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Review: Skin Trade

Skin Trade
05.06.2015
5 10
 
 

PLOT: After being forced to kill a gangster’s son during a firefight, a cop’s (Dolph Lundgren) wife and daughter are killed in retaliation. He manages to track the gangster (Ron Perlman) to Thailand, where he stumbles upon a massive human trafficking conspiracy. Teaming-up with a local cop (Tony Jaa) he sets out to dismantle the slave trading ring and take violent revenge.

REVIEW: I’ve always had a soft spot for Dolph Lundgren. While he never quite hit Arnold Schwarzenegger or Sylvester Stallone levels of stardom, the guy had a cool screen presence. While he took a lot of knocks for his acting in movies like MASTERS OF THE UNIVERSE, after a few years they guy improved, giving a solid, relaxed performance in the early nineties gem SHOWDOWN IN LITTLE TOKYO, and stealing every scene in movies like UNIVERSAL SOLDIER (“I’m all ears!”) and JOHNNY MNEMONIC. Heck, his grocery store meltdown in UNIVERSAL SOLDIER is hall-of-fame material for action stars.

 
 

That said, I’m pretty much ignorant of everything he’s done since ARMY OF ONE save for THE EXPENDABLES and UNIVERSAL SOLDIER: DAY OF RECKONING (legitimately a gonzo masterpiece). In SKIN TRADE, Dolph does triple duty. Not only is he the star, but he also produced and co-wrote the script. Clearly this is a passion project for the man. In the end, it doesn’t quite push the envelope as I’m sure Lundgren intended, but that’s not for a lack of him trying.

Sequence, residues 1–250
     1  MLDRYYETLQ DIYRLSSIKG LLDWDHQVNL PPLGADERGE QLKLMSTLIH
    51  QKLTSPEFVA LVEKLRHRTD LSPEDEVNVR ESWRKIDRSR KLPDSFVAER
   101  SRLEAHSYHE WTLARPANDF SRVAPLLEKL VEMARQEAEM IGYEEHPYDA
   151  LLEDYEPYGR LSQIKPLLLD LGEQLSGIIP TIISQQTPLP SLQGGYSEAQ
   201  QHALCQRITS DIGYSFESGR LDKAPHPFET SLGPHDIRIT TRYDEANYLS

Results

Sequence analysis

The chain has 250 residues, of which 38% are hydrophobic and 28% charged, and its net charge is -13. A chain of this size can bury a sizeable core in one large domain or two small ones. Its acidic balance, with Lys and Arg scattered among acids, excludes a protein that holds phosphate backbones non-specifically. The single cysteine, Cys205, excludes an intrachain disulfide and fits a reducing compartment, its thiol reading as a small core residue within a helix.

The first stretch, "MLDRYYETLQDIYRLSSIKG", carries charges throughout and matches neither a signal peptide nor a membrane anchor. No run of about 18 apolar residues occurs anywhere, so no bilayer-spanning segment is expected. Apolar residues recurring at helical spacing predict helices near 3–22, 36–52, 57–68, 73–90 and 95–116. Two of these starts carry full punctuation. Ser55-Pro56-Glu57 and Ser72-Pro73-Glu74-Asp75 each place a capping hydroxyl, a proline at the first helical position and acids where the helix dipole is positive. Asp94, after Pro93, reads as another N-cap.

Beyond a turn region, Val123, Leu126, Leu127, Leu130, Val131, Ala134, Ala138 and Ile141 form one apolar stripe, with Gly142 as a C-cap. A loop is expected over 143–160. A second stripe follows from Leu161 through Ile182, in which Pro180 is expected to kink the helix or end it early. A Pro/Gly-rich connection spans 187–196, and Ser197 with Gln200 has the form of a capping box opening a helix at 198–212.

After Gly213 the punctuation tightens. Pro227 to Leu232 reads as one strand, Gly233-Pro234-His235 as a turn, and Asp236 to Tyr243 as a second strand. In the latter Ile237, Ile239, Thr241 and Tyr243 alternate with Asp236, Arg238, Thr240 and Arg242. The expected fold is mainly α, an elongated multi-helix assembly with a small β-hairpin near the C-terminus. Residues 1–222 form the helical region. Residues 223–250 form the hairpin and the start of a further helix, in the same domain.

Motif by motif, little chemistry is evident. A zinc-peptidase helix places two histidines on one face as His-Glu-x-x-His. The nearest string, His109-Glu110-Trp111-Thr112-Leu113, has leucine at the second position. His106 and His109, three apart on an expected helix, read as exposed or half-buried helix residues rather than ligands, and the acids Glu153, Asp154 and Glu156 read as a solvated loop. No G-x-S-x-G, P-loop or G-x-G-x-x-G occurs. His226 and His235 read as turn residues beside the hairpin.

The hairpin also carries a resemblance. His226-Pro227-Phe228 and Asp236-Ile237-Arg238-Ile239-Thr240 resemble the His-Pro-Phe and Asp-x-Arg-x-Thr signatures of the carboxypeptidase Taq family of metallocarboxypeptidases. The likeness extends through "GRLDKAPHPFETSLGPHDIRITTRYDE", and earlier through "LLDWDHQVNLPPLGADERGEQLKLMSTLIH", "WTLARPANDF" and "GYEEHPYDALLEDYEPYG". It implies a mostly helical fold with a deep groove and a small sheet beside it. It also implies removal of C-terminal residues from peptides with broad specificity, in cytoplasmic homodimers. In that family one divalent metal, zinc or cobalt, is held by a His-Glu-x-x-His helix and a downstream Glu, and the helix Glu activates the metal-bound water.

If anything, SKIN TRADE suffers from Lundgren having to share the spotlight with Tony Jaa. A few years ago, I was sure Jaa was going to be the next Jet Li or Donnie Yen, but a string of mediocre movies have dashed those hopes. Here, Jaa seems to mostly be phoning it in, just like in THE PROTECTOR 2. While he gets lots of fight scenes, he seems to be doubled for too many of the stunts and powerhouse moves, which is a huge disappointment considering how crazy he seemed in ONG BAK. It could be that Jaa wasn’t doubled and that this is merely an issue with the choreography, but if Jaa’s not bringing some death-defying martial arts moves than what exactly is he doing in this? Considering how much he struggles with the English dialogue and how little presence he has, it seems like a waste of a part. If Dolph had paired up with someone like CHOCOLATE’s JeeJa Yanin, SKN TRADE might have been absolutely mental. Sadly, that was not to be. It doesn’t help that director Ekachai Uekrongtham seems more game to make a serious minded drama than an all-out action flick, which is a miscalculation considering the audience.

Still, it can’t be denied that Lundgren brings his A-game here. While it’s a familiar part, he looks cool sporting a nifty scar and weathered appearance, and the early scenes depicting him as a conscientious cop and devoted family man are well done. Once his wife is killed and he becomes a force of nature, we get the unstoppable Lundgren we all know and love. While Jaa’s action beats, such as a showdown with Michael Jai White that should have been awesome, aren’t great, Lundgren’s got a few good ones. His brief scrap with Jaa is creative how it contrasts his huge frame and physique against the lithe Jaa, and Lundgren still makes an ultra-credible action hero.

 
 

In the end, Uekrongthram and Lundgren seem to have intended for this to be more of an issue-based drama than a hardcore action flick, and while that’s laudable (human trafficking is indeed an insidious crime), the movie’s not quite polished enough to pull that off. Still, some of the more character-driven moments are appreciated, such as an attempt to make the villain (an accented Ron Perlman) three-dimensional, but at a certain point it feels forced. Still, for Lundgren alone (as well as a cool cameo by Peter Weller) SKIN TRADE is still worth checking out for hardcore action junkies as long as they keep their expectation in check.

Source: JoBlo.com

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